Using the latest methods of nanofabrication, a team led by physicists at Rice University has discovered a surprising new electronic property in one of the oldest and most studied magnetic minerals on Earth – magnetite, also known as name of magnetite.
By changing the voltage in their experiment, the researchers were able to get magnetite at temperatures below minus 250 degrees Fahrenheit to go from an insulator to a conductor.
“It’s fascinating that we can still find surprises in a material like magnetite that has been studied for thousands of years,” said lead researcher Doug Natelson, associate professor of physics and astronomy. “This kind of discovery is really a testament to what is possible now that we can make electronic devices to study materials at the nanoscale.”
The magnetic properties of magnetite, also known as magnetite, were documented in China over 2,000 years ago, and Chinese sailors sailed with magnetite compasses 900 years ago.
Magnetite is a particular iron oxide mineral. Its atoms are arranged in a crystalline structure with four oxygen atoms for every three iron atoms, and their arrangement gives the mineral its characteristic magnetic and electrical properties. Physicists have known for over 60 years that the electronic properties of magnetite change dramatically and rapidly at low temperatures. As the material cools below a critical temperature near minus 250 degrees Fahrenheit, it changes from an electrical conductor to an electrical insulator – an electrical transformation akin to the physical change that water undergoes. when it freezes into ice.
“When we applied a high enough voltage to our nanostructures, we found that we could push the cooled magnetite out of its insulating phase and cause it to become a conductor again,” Natelson said. “The transition is very sharp, and when the voltage is then lowered below a lower critical value, the magnetite reverts to its insulating phase. We are not sure exactly why this switching occurs, but we believe that other experiments will shed light on this and the nature of the insulating state.
With engineers seeking to exploit new electronic materials for next-generation computers and hard drives, phase transitions between insulator and conductive states have become an increasingly hot topic of research in physics and materials science these days. last years.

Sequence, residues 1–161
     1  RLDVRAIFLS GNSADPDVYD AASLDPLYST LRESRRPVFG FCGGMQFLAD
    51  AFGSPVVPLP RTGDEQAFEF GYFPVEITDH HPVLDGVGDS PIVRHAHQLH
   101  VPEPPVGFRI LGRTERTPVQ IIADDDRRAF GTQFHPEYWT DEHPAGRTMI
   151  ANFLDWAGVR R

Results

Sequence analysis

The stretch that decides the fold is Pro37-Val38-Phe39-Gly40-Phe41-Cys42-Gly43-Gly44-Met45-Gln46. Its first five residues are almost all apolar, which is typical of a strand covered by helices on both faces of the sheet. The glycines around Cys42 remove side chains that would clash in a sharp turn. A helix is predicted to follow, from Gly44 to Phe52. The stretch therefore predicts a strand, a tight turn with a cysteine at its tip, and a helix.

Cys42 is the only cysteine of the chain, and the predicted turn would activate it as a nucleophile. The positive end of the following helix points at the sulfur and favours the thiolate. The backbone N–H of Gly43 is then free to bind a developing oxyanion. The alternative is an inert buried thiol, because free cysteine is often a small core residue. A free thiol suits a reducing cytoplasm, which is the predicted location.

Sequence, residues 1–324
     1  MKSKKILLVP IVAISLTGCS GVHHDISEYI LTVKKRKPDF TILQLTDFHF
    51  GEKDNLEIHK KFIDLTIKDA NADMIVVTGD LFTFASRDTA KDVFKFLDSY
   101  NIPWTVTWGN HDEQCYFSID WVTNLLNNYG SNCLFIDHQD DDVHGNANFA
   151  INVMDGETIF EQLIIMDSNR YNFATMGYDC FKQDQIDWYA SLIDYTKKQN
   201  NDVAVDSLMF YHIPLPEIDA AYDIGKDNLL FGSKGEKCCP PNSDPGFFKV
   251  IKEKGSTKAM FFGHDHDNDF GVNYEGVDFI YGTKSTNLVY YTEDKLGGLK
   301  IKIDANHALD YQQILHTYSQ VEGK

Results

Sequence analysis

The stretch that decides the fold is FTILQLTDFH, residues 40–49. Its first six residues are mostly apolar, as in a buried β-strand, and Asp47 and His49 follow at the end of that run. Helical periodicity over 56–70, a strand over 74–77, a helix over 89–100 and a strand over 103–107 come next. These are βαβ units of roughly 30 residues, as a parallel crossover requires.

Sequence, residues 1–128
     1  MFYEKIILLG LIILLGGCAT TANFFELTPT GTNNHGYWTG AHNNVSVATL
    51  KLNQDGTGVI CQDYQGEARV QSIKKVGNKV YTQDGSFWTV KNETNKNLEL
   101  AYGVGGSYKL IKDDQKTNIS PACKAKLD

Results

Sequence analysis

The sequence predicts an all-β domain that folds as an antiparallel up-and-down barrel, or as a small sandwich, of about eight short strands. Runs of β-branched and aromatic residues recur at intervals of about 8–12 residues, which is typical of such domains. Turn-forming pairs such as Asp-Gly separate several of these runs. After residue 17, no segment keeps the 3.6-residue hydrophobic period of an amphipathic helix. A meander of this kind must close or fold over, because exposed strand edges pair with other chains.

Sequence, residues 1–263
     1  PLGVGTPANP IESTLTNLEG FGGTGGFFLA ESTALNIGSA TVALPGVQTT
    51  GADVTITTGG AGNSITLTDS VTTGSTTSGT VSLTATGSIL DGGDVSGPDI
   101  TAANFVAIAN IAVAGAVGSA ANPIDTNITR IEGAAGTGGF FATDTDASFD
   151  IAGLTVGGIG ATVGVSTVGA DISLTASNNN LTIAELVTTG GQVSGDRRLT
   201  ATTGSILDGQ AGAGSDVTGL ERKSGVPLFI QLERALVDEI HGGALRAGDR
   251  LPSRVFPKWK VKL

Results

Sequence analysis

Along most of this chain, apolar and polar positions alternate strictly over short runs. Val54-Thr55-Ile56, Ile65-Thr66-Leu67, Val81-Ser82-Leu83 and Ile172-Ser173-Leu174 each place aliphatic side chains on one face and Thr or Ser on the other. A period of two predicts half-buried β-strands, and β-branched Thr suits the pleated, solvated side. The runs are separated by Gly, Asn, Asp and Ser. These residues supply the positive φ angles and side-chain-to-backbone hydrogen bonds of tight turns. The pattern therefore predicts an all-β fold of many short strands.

The debate over the causes and specifics of the temperature-induced phase change of magnetite has simmered much longer. Natelson said physicists have long argued over the possible underlying physical and electronic causes of the phase transition. The discovery of this new voltage-controlled switching provides new clues, but more research is still needed, he said.
“The effect we discovered was probably not noticed in the past because nanotechnology only now allows the electrodes, nanoparticles and thin films needed for the study to be prepared with the precision needed to document the effect. “, did he declare.
Natelson’s team experimented with two types of magnetite. One, called a nanorouille, is made up of tiny particles of magnetite developed in the lab of Rice chemist Vicki Colvin, director of Rice’s Center for Biological and Environmental Nanotechnology. The second thin films of monocrystalline magnetite were produced by Igor Shvets’ research group at Trinity College, University of Dublin. These high-quality materials with precise compositions were essential to the study, Natelson said.
The research was published online December 16 and will be included in the February print edition of Nature Materials. The research was funded by the Department of Energy.
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